Conveyor belts rattle at the Stepanakert Brandy Factory while technicians in white coats peer into flasks and workers pack bottles into cases. It's the first day of business in Nagorno-Karabakh's de-facto capital since war erupted on Sept. 27, and operations director Vladik Alibabayan is seeing what can be salvaged.

"We managed to collect 1,700 tons of grapes before the war and then everything shut down," Alibabayan explained. "Some of our fields near the frontlines where we grew grapes and pomegranates are now under the control of Azerbaijani forces, so we don't know what will happen next. The loss for the industry will be significant."

It could have been worse.

A shaft of sunlight beams through a small hole in the roof of a warehouse next door to the brandy factory. Underneath, protruding from the bottom of a cylindrical tank is a gigantic unexploded rocket, one of the thousands that rained down on the city during Armenia's 44-day war with Azerbaijan.

The rocket hit an empty tank, narrowly missing a vat full of 15-year-old Madatoff cognac. A lucky escape for the factory but for the country's nascent wine industry in general, the war has been a huge setback. The latest conflict flared up in the middle of the harvest season.


But some people were able to adapt. At a small farm on the other side of the city, artisan winemaker David Astsatryan makes brandy from grape residue on a rattling homemade stove.

On the first day of shelling on the city of Stepanakert, Astsatryan's son headed for the frontline. Astsatryan joined him days later with a few hundred bottles from the cellar to boost the troops' morale.

Winemaker David Astsatryan on his farm in Stepanakert, Nagorno-Karabakh. | (Andrew Connelly/Courtesy The World)

Astsatryan produces tangy, orange-colored wines in clay amphoras submerged in soil, and full-bodied, inky reds using khndoghni — a grape native to the Nagorno-Karabakh area.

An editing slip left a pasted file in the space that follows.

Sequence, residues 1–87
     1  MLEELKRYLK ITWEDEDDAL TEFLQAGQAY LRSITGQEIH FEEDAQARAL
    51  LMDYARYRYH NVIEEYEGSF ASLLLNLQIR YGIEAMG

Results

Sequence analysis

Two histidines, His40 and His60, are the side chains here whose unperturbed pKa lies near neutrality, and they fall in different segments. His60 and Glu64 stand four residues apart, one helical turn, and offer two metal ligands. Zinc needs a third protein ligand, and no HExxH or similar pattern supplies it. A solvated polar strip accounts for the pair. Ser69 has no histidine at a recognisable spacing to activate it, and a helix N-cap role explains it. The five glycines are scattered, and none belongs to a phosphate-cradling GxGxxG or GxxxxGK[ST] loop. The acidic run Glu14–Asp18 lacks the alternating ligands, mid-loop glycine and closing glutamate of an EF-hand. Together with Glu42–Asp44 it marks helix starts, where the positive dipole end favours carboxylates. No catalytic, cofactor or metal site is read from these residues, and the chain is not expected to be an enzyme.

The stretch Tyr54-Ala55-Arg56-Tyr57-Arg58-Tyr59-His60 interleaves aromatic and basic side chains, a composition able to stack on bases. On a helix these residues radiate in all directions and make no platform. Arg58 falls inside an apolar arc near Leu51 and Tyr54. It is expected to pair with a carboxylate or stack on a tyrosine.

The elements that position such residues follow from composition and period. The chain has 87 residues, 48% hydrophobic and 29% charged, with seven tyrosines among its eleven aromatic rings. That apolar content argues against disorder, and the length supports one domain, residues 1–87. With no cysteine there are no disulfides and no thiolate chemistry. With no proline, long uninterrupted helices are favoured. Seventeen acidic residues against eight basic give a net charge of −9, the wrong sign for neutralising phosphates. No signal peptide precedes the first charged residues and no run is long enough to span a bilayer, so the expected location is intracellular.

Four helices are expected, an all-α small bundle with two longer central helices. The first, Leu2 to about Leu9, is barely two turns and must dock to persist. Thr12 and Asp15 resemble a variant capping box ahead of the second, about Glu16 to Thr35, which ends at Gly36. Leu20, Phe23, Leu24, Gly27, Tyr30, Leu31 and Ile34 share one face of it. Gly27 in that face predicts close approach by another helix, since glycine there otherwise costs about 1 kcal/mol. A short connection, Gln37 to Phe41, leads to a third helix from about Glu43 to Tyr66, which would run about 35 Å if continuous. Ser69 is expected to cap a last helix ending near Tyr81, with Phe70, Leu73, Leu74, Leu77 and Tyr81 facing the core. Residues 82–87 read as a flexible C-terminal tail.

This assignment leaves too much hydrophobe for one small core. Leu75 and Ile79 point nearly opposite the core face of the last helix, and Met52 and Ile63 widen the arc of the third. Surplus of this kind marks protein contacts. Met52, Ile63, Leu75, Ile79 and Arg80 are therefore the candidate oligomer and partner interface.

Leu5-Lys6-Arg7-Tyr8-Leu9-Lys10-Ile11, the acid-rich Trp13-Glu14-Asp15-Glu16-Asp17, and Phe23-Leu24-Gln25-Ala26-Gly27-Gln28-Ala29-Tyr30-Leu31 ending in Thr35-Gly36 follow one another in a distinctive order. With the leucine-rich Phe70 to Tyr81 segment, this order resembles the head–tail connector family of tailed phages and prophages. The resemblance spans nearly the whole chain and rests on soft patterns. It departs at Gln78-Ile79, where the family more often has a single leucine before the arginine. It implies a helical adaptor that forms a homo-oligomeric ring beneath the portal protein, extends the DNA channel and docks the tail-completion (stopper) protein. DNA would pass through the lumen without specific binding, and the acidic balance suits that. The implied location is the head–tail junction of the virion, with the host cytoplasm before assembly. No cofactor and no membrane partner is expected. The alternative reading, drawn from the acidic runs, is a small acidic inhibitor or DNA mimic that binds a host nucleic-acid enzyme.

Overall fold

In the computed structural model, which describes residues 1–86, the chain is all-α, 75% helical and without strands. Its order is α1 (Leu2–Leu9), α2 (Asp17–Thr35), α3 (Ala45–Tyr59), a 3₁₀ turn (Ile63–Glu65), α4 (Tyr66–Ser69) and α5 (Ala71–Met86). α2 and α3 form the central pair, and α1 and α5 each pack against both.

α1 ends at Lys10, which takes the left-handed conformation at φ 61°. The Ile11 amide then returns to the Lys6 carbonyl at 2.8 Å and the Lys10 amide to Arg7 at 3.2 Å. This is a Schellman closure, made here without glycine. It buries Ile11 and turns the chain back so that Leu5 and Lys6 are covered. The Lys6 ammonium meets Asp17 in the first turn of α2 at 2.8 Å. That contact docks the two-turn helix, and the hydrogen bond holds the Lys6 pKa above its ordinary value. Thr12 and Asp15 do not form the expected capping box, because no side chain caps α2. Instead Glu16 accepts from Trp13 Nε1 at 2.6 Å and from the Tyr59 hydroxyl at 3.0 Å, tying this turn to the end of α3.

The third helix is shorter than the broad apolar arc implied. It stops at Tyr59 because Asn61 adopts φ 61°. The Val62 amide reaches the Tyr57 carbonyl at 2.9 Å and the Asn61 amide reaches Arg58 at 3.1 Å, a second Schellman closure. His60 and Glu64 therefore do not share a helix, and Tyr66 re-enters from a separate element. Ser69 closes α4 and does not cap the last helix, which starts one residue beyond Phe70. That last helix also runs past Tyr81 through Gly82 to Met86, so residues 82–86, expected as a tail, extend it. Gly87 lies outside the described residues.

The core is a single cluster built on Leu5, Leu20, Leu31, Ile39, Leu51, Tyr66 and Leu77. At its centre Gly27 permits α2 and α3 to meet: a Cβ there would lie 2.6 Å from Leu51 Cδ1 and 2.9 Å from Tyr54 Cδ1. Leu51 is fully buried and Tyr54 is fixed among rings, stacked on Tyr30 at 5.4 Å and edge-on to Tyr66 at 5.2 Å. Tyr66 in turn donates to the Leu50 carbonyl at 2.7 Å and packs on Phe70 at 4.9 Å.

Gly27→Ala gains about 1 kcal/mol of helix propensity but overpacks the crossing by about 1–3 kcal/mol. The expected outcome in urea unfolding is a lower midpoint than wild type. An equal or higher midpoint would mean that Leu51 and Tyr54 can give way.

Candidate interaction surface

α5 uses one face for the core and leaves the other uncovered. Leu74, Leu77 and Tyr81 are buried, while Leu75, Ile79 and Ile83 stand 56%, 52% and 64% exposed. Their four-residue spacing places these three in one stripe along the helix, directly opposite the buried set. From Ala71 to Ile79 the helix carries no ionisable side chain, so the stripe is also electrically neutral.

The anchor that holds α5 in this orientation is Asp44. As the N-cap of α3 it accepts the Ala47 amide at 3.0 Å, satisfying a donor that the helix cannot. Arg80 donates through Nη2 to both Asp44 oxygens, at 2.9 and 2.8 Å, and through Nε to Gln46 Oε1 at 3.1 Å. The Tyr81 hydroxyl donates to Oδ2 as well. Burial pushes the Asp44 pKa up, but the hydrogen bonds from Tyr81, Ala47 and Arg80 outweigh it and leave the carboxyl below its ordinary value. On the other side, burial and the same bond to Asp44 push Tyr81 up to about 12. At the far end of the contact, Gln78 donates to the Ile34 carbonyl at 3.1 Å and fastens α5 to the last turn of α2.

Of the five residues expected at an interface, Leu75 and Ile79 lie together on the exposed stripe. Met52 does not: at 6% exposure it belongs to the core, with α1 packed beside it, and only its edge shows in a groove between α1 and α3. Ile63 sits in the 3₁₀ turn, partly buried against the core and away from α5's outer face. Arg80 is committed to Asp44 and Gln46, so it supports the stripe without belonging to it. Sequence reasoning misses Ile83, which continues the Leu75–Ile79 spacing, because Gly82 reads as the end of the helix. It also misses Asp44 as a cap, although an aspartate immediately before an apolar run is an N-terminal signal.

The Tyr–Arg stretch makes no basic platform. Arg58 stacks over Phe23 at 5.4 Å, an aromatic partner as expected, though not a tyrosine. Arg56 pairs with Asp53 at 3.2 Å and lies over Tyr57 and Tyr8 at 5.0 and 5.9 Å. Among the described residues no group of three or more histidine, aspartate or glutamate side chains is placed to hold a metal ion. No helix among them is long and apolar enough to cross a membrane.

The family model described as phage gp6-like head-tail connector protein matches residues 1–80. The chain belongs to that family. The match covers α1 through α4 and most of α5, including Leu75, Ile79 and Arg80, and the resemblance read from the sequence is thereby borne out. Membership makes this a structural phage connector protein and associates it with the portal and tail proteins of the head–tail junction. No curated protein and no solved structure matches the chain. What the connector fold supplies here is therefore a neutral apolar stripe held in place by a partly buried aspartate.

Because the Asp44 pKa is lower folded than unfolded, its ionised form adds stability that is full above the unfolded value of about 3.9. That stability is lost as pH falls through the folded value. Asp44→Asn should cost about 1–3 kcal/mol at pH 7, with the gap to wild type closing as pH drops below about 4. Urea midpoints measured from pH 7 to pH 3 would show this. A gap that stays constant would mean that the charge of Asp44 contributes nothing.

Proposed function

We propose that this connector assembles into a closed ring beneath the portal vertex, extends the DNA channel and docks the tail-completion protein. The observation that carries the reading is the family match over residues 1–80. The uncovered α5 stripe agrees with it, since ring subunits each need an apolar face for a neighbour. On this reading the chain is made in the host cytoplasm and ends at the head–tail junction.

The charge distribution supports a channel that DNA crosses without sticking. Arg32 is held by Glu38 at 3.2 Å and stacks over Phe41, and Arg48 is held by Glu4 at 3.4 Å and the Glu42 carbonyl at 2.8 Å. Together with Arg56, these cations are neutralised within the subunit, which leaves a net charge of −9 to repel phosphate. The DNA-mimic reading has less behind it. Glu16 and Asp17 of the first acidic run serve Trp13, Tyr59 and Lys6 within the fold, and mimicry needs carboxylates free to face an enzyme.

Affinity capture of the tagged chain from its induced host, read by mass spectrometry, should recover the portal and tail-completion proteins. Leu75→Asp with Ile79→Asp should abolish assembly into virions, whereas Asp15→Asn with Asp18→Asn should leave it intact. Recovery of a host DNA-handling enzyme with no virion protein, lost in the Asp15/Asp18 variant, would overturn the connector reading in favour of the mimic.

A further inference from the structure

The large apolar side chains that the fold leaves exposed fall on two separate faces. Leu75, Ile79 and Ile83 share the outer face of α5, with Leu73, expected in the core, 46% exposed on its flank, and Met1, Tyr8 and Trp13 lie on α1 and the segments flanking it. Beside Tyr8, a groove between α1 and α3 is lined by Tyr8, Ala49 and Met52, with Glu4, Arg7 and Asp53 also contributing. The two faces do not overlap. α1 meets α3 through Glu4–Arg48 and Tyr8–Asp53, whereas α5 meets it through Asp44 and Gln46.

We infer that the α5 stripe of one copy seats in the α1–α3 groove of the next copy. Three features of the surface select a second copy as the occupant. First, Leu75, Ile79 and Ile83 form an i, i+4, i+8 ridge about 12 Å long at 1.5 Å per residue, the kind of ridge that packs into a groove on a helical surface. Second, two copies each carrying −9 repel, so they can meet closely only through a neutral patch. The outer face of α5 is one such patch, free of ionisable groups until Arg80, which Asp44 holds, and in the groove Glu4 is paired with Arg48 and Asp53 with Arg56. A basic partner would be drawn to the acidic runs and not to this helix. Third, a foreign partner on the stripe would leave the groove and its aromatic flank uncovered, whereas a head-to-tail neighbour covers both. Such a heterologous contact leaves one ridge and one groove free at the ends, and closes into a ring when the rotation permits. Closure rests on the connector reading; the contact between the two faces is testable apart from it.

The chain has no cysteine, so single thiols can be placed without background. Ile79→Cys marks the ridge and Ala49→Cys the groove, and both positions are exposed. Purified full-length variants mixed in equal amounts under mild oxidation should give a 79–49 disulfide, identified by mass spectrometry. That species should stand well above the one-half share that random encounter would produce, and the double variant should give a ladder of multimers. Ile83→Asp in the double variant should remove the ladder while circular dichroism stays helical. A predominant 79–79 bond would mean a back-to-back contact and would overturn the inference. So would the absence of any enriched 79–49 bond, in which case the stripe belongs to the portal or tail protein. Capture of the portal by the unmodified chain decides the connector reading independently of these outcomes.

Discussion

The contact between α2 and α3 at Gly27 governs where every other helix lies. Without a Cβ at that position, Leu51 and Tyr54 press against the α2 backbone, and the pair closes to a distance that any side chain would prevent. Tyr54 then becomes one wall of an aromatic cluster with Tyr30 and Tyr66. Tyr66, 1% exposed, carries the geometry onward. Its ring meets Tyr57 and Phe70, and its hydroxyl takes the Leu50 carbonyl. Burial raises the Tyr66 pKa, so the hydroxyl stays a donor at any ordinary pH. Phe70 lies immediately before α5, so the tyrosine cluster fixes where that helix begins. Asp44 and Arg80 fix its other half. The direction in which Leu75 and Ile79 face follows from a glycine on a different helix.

"Khndoghni is our local grape, there's no sense to use any others," Astsatryan said, holding up a bottle to the light. "...This is a trademark of Karabakh, and it's been growing here for centuries with this soil, air, and sunshine. If you grow the same grape in Armenia, it tastes totally different."

Khndoghni is derived from the word "laughter" in Armenian, though there has been little to laugh about this year. Astsatryan's land, bathed in early December sunshine, looks out across the valley and up to the mountaintop city of Shushi.

As the highest and most strategic settlement in Karabakh, the war was effectively finished when Azerbaijan captured it, ending over three decades of Armenian control. And now, though people displaced during the war are coming back home to Stepanakert, many feel vulnerable to attack from the new Azerbaijani positions above them.

"I see the people coming back," he said cautiously, casting an eye up to the hills, "but I don't see life returning to normal. We'll have to wait and see."

A wine-drinking renaissance

Vahe Keushguerian is one of the top winemakers and entrepreneurs in Armenia. For him, encouraging investment in the vineyards of an unrecognized country in a warzone has never been easy. Under most international law, Nagorno-Karabakh is considered part of Azerbaijan.